FullSizeRender-55.jpg

By our fifth session, Tara’s voice has changed. She is talking more slowly. There is a noticeable calm about her.

“Tell me about Matt’s parents,” I begin.

“They have been married for 38 years. But, their marriage is weird,” Tina replies.

“How so?”

“They don’t seem happy. They never hug or kiss. They are more like roommates than lovers,” Tara says.

“How does Matt feel about that?”

“I think it makes him doubt the institution of marriage altogether,” Tara replies. “Honestly, Matt’s Dad has an anger problem. Matt’s mother checked out of her marriage and made Matt her mini-husband instead.”

“What about your parents? Is their marriage healthier?” I ask.

“My parents have a different type of dysfunction.”

“Tell me.”

“My Mom went to Yale—quite an accomplishment for a woman of that generation. But, she got married, had children and never worked.”

“Do you think she is happy about that decision?”

Tara laughed. “No. My Mom is angry. She would have been much more successful than my father--if she hadn’t been saddled by domestic responsibility.”

“What about your Dad?”

“He’s a good guy. But, he’s emotionally removed. My Mom seems really lonely in her marriage,” Tara replied. “My Dad was always traveling on business. When he was home, he was either playing golf or watching television. They never do anything fun together.”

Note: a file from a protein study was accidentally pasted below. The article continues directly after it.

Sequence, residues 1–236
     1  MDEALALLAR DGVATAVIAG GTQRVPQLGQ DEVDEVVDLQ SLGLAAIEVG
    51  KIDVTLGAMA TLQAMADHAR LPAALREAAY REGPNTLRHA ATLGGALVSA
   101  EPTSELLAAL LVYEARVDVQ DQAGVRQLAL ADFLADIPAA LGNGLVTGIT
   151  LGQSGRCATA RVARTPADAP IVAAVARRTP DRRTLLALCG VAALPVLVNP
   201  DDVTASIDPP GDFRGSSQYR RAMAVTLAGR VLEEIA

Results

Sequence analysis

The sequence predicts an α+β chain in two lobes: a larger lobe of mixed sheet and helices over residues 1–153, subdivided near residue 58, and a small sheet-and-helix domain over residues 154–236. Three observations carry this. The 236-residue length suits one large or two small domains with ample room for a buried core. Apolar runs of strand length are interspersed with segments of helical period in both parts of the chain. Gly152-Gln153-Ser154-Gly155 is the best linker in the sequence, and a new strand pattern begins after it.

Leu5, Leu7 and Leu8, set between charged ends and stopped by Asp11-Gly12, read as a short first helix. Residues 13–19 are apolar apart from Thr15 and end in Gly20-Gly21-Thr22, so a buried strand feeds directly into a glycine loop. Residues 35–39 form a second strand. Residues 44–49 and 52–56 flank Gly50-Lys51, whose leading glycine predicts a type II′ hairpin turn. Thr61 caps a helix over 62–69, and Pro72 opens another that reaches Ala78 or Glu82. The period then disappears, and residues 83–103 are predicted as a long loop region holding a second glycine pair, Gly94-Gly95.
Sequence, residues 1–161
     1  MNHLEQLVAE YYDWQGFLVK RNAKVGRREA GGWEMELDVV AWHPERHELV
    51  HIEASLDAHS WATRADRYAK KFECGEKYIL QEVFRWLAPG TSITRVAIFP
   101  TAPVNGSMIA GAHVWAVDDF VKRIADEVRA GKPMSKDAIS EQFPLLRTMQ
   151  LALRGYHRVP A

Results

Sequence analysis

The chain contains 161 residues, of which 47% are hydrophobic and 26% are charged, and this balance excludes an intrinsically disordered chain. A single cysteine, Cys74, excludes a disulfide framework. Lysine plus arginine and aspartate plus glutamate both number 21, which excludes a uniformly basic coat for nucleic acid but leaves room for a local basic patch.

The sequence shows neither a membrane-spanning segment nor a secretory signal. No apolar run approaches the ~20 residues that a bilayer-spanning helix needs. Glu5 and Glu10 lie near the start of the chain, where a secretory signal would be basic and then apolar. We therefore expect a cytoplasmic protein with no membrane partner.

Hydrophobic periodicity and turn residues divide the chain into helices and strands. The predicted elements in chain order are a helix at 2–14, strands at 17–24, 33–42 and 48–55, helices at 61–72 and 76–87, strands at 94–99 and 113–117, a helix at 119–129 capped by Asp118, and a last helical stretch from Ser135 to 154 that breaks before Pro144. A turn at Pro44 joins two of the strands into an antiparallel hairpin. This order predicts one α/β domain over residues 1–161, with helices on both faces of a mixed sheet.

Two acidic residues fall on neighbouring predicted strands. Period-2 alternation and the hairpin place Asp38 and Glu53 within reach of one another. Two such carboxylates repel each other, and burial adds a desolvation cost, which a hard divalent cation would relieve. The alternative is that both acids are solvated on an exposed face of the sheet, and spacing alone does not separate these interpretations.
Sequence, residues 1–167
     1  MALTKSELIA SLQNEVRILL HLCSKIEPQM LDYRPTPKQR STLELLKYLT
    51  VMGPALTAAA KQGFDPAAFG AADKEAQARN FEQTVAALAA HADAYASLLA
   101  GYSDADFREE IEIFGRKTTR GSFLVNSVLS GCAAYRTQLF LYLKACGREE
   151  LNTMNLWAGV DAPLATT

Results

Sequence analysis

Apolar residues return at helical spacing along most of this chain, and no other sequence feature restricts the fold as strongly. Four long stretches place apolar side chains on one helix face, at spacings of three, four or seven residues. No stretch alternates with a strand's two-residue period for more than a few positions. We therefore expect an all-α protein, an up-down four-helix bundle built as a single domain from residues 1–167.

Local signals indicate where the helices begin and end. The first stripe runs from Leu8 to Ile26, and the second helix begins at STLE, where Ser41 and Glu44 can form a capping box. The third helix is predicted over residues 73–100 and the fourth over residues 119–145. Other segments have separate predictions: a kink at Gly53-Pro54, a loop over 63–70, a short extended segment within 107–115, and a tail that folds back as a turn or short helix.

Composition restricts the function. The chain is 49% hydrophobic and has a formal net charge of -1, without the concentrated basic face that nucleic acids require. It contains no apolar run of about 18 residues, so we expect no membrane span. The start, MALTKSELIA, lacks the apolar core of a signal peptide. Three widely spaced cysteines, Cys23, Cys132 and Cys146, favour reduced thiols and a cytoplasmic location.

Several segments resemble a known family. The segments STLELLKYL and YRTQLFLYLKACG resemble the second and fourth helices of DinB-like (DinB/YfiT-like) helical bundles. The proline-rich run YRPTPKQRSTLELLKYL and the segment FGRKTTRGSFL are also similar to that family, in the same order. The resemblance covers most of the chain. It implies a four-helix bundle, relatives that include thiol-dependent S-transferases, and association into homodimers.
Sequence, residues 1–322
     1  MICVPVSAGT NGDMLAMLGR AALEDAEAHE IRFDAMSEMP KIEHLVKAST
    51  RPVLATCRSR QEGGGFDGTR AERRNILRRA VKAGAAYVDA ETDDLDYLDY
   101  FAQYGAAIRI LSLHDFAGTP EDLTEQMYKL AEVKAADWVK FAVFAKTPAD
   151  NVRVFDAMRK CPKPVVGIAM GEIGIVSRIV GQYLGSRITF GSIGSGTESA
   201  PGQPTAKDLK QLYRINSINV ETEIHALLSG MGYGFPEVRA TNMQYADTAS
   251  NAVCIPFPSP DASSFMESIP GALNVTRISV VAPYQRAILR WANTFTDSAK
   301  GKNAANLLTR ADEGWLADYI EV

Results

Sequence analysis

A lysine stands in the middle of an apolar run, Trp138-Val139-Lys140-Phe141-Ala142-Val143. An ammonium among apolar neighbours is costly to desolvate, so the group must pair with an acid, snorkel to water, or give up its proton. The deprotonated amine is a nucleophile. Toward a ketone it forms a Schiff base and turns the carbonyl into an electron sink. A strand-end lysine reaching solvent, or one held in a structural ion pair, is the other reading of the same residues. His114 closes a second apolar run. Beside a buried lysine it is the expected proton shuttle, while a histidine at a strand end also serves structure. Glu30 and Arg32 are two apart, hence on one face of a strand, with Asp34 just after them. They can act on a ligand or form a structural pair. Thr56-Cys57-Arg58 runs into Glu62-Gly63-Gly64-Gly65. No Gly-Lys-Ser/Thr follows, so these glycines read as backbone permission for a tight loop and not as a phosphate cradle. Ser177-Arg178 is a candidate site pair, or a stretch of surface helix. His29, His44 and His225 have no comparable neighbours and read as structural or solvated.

Many of my clients do not want to repeat their parents’ mistakes.

In prior generations, men and women married early—before they had an opportunity to know themselves. They may have picked incompatible partners, but remained married out of a sense of obligation and duty. Children witnessed partnerships that lacked true intimacy.

Through my business, School of Love NYC (www.schooloflovenyc.com), I teach my clients the importance of a psychological process called “individuation.” Once they understand the good and bad traits of their family of origin, they make healthy choices that may be a dramatic departure from what they learned growing up. These clients become their authentic selves, setting a healthy course for future generations.

Each generation has an obligation to do better than the one that came before.

My clients yearn for an expanded conception of traditional gender roles. Women want the freedom to succeed intellectually and professionally. Men want to learn how to be more attentive and empathetic as lovers, partners and parents.

Women and men are moving towards a new conception of partnership—one in which all work is valued and shared equally. As partners share work, it is halved. A new type of partnership is emerging—one based on equality—which leaves more time for fun, laughter and sex.

  1. Why is it important to know yourself before choosing a marital partner?

  2. What does this statement mean: “Each generation has an obligation to do better than the one that came before.”

  3. How do traditional gender roles cause problems within a marriage?

Comment